Dr. DuPaul is a professor of school psychology at Lehigh University, and focuses his research on school-based behavioral interventions for students with ADHD.

In their article, "Neuropsychological Functioning in College Students With and Without ADHD," Drs. Weyandt, Anastopoulos, and DuPaul examined the relationship between ADHD diagnosis and performance on executive functioning and intellectual tasks as part of a multiyear and multisite study.

Joining us today are Drs. Weyandt, Anastopoulos, and DuPaul. Thank you all for joining us. We appreciate your time.

Dr. DuPaul: Thank you.

Dr. Anastopoulos: Thank you.

Dr. Weyandt: It's good to be with you.

Marla: Thank you! So, in your article, you mention "TRAC." Could you share with our audience what TRAC is and also provide an overview of the project, and perhaps discuss how the current study relates to the overarching goals of TRAC?

Dr. Anastopoulos: Sure, I can do that. TRAC stands for "Trajectories Related to ADHD in College," and, just to give you the big picture, it is a five-year R01 grant award from the National Institute of Mental Health.

Drs. DuPaul, Weyandt, and myself are the multiple principle investigators on this project, and we've been doing this across three primary sites: the University of North Carolina at Greensboro, Lehigh University, and the University of Rhode Island. We began the project in the fall of 2012, and we're actually in the process of finishing up this spring.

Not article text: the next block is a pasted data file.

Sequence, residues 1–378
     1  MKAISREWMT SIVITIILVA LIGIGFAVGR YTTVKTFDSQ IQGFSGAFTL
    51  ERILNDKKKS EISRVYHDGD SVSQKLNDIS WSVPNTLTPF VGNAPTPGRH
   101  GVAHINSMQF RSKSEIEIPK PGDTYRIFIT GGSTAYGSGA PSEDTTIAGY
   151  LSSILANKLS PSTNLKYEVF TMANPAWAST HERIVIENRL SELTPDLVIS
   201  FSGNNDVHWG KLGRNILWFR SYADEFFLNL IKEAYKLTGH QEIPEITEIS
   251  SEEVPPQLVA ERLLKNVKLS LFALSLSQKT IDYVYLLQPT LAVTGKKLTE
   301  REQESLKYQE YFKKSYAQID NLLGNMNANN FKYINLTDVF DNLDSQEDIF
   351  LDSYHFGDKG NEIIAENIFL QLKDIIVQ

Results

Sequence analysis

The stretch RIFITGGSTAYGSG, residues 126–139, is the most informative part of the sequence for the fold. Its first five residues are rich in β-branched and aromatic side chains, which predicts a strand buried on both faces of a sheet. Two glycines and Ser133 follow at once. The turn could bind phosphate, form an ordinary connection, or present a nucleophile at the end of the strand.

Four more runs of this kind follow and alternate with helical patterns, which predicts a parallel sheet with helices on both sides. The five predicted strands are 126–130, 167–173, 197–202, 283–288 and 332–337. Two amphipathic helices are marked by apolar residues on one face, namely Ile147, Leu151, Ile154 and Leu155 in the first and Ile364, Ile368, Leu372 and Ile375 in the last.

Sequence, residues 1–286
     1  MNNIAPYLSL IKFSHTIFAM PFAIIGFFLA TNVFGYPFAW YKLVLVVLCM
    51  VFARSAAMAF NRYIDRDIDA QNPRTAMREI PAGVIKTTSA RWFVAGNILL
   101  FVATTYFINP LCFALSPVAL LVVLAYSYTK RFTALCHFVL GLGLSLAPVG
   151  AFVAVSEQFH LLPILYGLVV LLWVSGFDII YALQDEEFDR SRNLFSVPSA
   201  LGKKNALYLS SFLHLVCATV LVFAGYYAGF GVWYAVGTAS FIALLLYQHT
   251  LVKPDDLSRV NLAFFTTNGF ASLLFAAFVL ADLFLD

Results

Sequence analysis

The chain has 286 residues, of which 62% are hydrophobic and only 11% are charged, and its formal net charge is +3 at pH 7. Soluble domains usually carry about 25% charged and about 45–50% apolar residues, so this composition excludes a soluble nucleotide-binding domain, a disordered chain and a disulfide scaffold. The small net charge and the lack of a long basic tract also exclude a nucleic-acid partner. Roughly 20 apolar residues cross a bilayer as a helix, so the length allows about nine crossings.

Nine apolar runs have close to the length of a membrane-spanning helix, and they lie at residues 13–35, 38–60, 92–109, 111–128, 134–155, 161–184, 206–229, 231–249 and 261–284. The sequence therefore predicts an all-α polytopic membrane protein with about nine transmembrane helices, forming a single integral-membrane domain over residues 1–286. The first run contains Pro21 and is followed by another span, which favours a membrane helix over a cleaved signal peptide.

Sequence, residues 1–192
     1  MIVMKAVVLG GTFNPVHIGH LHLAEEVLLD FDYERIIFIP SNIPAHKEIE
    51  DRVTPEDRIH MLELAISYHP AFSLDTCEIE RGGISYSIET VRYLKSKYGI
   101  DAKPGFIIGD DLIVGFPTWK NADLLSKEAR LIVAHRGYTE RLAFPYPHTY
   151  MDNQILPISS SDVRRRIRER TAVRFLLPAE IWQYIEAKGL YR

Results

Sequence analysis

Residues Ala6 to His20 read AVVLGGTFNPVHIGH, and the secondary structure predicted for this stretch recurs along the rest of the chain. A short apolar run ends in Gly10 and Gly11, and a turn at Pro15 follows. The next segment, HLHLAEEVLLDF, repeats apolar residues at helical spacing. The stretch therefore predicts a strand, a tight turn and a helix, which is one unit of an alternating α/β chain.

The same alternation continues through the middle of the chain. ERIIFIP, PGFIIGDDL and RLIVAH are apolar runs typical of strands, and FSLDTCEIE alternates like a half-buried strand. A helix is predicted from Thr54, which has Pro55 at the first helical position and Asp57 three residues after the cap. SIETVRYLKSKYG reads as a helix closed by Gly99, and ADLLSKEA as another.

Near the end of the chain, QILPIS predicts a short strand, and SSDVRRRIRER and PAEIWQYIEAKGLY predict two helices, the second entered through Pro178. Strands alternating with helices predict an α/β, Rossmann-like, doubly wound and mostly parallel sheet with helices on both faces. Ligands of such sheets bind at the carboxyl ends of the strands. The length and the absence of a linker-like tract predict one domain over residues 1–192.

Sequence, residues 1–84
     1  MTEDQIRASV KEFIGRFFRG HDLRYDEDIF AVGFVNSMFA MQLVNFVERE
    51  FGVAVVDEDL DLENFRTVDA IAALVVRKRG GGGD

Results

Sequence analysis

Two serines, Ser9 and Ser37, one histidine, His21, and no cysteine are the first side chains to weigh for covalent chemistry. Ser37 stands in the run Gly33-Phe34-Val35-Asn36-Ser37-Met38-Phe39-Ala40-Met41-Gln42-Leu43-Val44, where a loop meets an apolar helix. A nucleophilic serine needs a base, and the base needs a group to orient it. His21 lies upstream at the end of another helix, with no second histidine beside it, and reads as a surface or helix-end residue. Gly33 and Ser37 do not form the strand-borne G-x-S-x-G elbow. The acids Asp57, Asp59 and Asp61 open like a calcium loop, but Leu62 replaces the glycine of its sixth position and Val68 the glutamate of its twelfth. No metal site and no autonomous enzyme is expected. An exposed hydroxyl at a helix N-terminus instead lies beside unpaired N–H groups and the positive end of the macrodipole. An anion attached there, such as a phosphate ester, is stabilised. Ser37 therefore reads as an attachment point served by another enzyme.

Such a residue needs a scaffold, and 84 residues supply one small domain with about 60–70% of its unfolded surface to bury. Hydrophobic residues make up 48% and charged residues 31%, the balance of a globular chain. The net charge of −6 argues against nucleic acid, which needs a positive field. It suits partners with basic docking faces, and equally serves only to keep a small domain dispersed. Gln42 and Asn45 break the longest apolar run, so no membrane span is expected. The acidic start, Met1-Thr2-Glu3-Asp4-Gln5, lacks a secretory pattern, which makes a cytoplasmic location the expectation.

So to give a better sense of what it's about, we were interested in doing this because, in the ADHD literature, there are a fair number (if not a lot) of studies on children and adults, but very few on college students with ADHD, relatively speaking, and most of what we know about college students with ADHD has come to us from studies conducted at a single point in time.

Indirectly, we have some information about college students with ADHD from longitudinal studies that began looking at children and followed them into adulthood, but what was going on in college wasn't really the focus of those studies.